By Anna Morgan-Barsamian, MPH, RN, PMP, Senior Manager, Training & Education, NaRCAD
Tags: Primary Care, Opioid Safety, Evidence Based Medicine, Harm Reduction
Our team at NaRCAD has been working on an exciting new project developing harm reduction key messages for primary care clinicians in collaboration with the National Association of County and City Health Officials (NACCHO), Centers for Disease Control and Prevention (CDC), and consultants from Boston Medical Center.
The Substance Abuse and Mental Health Services Administration (SAMHSA) defines harm reduction as an approach that aims to prevent overdose and infectious disease transmission, improve physical and mental health, and offer options for accessing treatment and other health care services for people who use drugs. Various harm reduction approaches have been proven to prevent overdose and death, injury, infectious disease transmission, and substance misuse. For instance, there is nearly 30 years of research that has shown that syringe services programs decrease transmission of viral hepatitis, HIV, and other infections.
There are several other harm reduction approaches beyond syringe service programs, including:
It’s critical that academic detailers continue to encourage primary care clinicians to discuss harm reduction with their patients and link them to services within their community. Academic detailers have the ability to empower clinicians to have difficult conversations with patients to reduce infections, overdose, and death. Our team developed the following key messages to support primary care clinicians in caring for patients who would benefit from harm reduction. These key messages are currently being piloted across the United States in a project funded by NACCHO.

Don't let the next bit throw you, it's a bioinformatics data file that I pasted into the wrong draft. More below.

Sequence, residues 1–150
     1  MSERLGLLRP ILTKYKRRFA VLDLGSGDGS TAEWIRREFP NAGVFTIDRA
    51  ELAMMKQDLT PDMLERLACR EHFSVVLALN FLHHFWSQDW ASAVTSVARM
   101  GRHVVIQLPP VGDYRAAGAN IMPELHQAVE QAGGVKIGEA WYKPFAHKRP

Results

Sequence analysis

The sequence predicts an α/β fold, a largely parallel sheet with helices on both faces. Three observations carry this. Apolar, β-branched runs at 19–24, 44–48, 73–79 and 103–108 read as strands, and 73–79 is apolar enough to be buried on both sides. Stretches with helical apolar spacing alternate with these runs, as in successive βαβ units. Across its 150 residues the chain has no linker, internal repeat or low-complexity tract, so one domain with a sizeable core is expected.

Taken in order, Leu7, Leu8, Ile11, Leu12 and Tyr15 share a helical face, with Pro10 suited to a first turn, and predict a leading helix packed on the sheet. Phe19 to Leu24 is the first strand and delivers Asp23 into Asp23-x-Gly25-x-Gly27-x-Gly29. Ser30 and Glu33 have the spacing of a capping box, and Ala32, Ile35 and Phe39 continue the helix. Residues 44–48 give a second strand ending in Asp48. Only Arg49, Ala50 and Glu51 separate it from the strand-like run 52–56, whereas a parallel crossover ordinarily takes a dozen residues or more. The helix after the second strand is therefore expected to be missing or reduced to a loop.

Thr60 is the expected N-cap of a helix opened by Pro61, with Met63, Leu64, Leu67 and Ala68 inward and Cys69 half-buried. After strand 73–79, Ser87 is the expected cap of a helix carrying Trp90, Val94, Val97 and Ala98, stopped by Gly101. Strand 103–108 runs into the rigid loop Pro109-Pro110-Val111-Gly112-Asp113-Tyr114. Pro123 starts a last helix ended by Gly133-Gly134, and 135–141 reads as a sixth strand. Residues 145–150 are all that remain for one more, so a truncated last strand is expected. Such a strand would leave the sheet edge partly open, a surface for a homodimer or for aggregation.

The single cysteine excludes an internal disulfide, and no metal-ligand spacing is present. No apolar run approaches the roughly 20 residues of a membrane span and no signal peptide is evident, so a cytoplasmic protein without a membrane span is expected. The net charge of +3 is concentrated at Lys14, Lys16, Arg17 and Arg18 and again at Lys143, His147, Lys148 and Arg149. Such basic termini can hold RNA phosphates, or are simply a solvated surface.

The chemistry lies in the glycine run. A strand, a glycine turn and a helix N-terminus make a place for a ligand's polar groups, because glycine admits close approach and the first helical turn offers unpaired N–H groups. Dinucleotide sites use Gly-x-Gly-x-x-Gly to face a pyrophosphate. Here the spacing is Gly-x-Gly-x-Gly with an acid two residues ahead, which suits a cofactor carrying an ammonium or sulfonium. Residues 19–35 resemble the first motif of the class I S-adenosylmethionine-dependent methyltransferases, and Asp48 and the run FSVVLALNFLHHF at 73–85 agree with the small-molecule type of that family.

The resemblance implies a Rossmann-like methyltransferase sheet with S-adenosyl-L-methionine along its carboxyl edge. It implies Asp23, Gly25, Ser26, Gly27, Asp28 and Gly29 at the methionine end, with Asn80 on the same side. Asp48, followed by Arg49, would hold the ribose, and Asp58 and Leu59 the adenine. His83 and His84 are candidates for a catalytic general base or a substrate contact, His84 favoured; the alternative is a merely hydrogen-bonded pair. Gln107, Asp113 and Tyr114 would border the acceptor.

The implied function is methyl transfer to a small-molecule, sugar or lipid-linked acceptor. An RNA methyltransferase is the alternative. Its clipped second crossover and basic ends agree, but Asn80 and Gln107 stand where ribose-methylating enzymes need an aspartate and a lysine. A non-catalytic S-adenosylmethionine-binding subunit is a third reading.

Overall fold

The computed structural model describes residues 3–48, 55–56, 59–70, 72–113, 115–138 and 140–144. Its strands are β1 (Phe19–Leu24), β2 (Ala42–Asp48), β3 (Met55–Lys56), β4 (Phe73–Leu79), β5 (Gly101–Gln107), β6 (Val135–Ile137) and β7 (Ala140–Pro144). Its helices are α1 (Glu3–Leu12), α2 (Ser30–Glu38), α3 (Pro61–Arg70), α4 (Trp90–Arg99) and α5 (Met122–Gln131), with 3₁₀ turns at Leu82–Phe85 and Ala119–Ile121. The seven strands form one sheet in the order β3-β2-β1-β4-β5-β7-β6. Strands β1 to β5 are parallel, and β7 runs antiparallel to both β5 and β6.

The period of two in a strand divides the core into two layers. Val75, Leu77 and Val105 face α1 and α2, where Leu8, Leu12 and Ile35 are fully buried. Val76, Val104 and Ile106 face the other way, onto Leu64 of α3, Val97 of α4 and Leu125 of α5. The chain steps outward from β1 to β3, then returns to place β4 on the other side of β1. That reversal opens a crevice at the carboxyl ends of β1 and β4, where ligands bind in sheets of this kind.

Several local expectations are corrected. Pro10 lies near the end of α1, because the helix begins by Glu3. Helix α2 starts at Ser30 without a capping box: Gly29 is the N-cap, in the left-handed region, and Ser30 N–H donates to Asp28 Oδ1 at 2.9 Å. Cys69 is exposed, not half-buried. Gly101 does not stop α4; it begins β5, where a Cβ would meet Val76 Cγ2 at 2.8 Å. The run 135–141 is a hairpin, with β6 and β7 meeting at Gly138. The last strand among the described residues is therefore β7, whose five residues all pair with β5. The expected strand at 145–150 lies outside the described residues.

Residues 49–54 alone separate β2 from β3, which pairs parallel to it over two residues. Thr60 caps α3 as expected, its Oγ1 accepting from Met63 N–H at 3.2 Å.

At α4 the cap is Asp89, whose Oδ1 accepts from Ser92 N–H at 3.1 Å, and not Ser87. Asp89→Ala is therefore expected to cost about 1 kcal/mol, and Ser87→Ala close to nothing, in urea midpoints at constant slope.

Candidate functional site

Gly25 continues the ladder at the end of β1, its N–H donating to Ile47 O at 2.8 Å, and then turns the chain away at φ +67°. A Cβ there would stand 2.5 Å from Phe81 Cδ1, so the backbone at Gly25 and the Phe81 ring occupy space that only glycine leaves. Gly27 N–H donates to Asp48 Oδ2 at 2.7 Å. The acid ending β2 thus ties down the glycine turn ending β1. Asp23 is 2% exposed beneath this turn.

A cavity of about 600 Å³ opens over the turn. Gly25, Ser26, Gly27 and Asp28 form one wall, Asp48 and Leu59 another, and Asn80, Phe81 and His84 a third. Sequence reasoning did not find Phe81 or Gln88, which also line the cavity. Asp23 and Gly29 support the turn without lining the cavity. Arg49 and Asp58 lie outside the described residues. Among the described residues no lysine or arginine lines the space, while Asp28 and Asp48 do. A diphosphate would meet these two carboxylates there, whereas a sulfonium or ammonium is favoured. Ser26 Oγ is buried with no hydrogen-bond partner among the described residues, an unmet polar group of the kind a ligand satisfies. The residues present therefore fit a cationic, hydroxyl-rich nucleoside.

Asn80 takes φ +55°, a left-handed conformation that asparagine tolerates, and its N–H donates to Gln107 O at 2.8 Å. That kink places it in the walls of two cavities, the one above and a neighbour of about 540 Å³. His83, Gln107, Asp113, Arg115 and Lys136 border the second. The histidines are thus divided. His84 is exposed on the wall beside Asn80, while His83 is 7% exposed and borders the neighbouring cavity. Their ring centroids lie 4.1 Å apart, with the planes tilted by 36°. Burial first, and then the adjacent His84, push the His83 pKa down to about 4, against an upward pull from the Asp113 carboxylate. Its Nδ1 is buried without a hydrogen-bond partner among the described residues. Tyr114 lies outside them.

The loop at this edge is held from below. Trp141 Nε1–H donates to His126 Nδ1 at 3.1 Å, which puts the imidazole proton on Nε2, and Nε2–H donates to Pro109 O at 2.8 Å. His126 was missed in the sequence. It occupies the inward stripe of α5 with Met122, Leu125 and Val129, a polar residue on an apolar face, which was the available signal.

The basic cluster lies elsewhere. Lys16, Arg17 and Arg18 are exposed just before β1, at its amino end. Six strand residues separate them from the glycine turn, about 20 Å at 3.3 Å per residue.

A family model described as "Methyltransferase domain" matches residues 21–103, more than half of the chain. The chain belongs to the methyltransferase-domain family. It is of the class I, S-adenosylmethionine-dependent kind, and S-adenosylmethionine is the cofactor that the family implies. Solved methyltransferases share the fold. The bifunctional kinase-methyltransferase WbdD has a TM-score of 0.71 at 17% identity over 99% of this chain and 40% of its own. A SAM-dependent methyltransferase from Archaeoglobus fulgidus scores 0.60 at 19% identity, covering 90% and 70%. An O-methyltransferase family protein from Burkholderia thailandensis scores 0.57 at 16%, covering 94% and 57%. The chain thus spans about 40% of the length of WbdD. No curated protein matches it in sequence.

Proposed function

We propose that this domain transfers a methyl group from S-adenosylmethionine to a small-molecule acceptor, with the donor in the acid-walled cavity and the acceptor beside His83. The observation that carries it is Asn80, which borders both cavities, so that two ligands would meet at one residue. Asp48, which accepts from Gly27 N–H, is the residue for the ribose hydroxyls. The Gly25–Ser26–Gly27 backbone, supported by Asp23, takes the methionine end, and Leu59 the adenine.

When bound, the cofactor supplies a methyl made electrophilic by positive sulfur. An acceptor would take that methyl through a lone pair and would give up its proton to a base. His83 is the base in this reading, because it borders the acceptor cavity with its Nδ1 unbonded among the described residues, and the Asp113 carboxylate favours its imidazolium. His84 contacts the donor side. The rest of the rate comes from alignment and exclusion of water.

Harm Reduction: Key Messages to Improve Outcomes for People Who Use Drugs
1. Assess factors that may contribute to risk of Opioid Use Disorder (OUD) for patients who use opioids.
2. Identify opportunities to reduce risk of harm using a patient-centered approach.
3. Offer Medications for Opioid Use Disorder (MOUD) to patients identified as having OUD.
4. Connect patients with community harm reduction services and other services that meet identified needs.
These evidence-based key messages can help clinicians provide support to their patients and build strong and trusting relationships with those who need it most. Building trust between clinicians and patients allows patients to feel heard and be open to seeking additional treatment, ultimately leading to improved health outcomes.
Our team is looking forward to continuing to explore harm reduction and updating our key messages based on the results of the pilot through NACCHO.
If your program is interested in collaborating with our team on future harm reduction work, or any other clinical topic, please reach out to us at email@example.com.
Want to learn more?
Stay tuned to learn about the results of the pilot and how clinicians responded to these key messages in the field. You can also join our discussion forum to interact with peers who are working on harm reduction!
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